JB: No – I totally had someone else in mind, even though R.A. had done a role in my student film about 7 years earlier, and we’d kept in touch, and I’d felt strongly because I’d gotten to know him a bit that Gunnar Hansen should have come back and played Leatherface, which would have given a bit more legitimacy to this third movie. He and I talked, and he had some issues with the direction that it was going – he really wanted to be involved, and it ended up boiling down to a financial thing, and it wasn’t outrageous at all – it wasn’t like he asked for the moon, but the problem was that New Line refused to pay it, categorically. I think the line producer at the time was more adamant about it than anyone, and Mike DeLuca was one of the executives on the movie, and he was really the guy that was running this, in a creative sense. I made my case for Gunner to both he and the line producer, and they flat out refused to pay him what he was asking, so after that was a done “no deal” I decided that R.A would be the right guy to step into the role. Since New Line was the arbiter of the film, he had to come in and audition for the part, and he impressed everyone and got the part. He did an absolutely fantastic job – such a joy to work with, and he was completely enthusiastic about everything.

DC: Let’s talk about Viggo Mortenson, and with this being one of his earliest roles – did you know you had something special with this guy on your set?

JB: Here’s the thing – you knew he was talented, and I’d seen him in the movie Prison way back in the early stages of development and was very impressed with him, and he was one of those guys that I think we were really lucky to get him on board with us. I really believe that The Indian Runner with he and directed by Sean Penn was the movie that truly made people stand up and notice his work. Every person in this cast was one hundred percent into this film and jumped in no questions asked when it was time to roll around in the body pits.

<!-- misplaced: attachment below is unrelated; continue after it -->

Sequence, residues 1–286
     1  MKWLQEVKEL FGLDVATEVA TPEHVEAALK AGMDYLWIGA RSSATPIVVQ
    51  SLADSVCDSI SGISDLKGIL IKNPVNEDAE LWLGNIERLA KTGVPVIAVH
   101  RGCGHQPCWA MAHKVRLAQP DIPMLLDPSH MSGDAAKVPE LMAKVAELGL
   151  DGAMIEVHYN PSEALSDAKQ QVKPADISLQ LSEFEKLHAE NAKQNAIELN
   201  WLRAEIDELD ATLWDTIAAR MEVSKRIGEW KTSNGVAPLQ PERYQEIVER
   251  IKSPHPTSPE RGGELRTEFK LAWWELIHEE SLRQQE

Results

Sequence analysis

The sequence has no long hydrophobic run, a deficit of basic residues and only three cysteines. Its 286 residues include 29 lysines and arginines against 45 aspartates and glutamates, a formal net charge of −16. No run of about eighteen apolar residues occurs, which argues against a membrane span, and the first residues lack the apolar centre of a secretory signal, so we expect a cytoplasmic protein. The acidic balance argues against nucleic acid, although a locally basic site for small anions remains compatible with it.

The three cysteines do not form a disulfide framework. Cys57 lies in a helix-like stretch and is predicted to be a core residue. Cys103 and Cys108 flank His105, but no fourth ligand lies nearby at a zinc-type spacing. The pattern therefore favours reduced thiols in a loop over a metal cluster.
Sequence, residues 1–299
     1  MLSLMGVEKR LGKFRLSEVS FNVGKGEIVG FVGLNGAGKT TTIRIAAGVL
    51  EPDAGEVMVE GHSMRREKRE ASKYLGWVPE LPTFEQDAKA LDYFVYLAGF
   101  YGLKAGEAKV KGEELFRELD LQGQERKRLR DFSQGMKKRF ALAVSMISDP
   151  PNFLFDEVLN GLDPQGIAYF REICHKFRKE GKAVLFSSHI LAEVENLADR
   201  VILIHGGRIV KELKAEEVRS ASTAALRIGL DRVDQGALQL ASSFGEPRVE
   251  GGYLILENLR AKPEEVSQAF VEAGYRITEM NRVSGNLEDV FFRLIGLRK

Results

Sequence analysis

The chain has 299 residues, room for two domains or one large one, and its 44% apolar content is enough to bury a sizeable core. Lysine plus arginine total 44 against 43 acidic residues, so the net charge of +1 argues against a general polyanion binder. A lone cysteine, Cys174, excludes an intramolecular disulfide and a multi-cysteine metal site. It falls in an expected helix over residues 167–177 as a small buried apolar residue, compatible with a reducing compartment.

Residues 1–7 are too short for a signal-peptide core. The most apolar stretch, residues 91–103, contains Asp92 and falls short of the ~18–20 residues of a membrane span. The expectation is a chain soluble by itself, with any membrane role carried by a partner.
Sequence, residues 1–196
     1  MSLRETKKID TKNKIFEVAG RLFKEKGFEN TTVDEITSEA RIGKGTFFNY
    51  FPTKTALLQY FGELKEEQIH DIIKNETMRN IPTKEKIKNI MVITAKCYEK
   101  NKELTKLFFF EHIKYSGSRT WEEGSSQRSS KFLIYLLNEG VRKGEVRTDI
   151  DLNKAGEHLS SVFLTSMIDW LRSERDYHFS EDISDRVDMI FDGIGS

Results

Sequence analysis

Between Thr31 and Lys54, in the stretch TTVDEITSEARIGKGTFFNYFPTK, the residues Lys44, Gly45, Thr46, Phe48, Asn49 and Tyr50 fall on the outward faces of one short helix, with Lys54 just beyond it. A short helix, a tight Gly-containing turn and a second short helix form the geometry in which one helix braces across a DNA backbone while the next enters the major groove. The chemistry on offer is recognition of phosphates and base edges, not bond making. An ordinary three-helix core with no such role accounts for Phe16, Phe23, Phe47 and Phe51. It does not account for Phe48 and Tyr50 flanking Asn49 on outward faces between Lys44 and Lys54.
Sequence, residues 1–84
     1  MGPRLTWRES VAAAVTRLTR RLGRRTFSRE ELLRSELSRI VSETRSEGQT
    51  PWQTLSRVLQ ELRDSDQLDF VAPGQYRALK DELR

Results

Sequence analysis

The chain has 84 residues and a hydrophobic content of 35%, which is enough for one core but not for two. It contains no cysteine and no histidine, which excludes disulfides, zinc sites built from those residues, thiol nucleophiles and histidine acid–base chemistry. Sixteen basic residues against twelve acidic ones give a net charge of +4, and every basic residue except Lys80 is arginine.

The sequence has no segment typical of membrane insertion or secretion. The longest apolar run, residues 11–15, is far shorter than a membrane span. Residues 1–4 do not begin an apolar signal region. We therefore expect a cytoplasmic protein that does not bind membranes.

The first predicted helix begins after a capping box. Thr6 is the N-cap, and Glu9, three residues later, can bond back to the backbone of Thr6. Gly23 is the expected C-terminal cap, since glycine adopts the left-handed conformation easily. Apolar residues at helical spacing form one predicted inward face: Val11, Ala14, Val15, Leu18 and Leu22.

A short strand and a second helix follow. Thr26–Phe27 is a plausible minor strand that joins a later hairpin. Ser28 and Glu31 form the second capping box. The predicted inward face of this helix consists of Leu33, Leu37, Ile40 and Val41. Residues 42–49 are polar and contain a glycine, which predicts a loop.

DC: It’s no secret about the amount of shit that the MPAA put you through in order to get this film released – can you expound on that for a minute?

JB: At the time, I believe it was a record amount of times we had to go back to the MPAA after re-cutting the film – I think it was 11 times that we went back. What a lot of people don’t realize is after Bob Shaye (President of New Line) had come into the editing room and he thought that it was very disturbing, and cut out some stuff himself. He thought that it would have been banned in every country, and it was banned in a lot of countries but so were the previous two. It was definitely on the verge of being emasculated before even being submitted to the MPAA, and I would have thought just a few adjustments here and there – maybe a couple of times to go back…but eleven? It was front-page news in the trade papers then, and I think that the overall tone of the film was looked at as being nasty. The previous film (Chainsaw 2) had actually gone out unrated, and with the first film being so notorious, I think it was a combination of all of that, and now even the most unrated version of this would be rated R – that’s how far the pendulum has swung in the other direction.

DC: Looking back at the film after all this time – what would be one thing that you’d change about the movie?

JB: Oh god – any film director worth his salt would look back at any of their films and want to change stuff up, and with this being 28 years old, I can look back and say “oh yeah, I’d change this, this and this!” You grow and learn over the course of your time directing, and this was my third movie and my first without producers that I had known, so the main thing that I’d do today would be to make it a bit more politically savvy. I had always thought that they wanted me to put my vision on this film, and that wasn’t necessarily the case, so maybe I’d navigate those political waters a little better.

DC: Last thing, Jeff – what’s keeping you busy these days? Any projects to speak of?

JB: Oh yeah, I’ve got a couple of movies that I’m working on – I’m prepping a horror movie right now, and then I’ve got a comedy film that I’m doing after that. You haven’t heard the last of me! I’ve had a real up and down (mostly down) career, but I still love it – it’s what I love to do, and it’s still great that after 28 years people still want to talk about this movie, and are still watching it – that’s the greatest gift you can get, and I thank everyone that’s seen it and talked about it over all these years.